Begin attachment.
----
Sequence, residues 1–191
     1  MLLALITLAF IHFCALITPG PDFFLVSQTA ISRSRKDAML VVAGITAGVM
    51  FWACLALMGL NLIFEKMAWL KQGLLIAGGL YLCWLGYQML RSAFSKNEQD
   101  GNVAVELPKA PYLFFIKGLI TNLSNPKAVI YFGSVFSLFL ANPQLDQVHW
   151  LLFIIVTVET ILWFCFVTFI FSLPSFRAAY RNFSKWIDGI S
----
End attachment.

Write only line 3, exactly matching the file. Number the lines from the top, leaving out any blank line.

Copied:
    51  FWACLALMGL NLIFEKMAWL KQGLLIAGGL YLCWLGYQML RSAFSKNEQD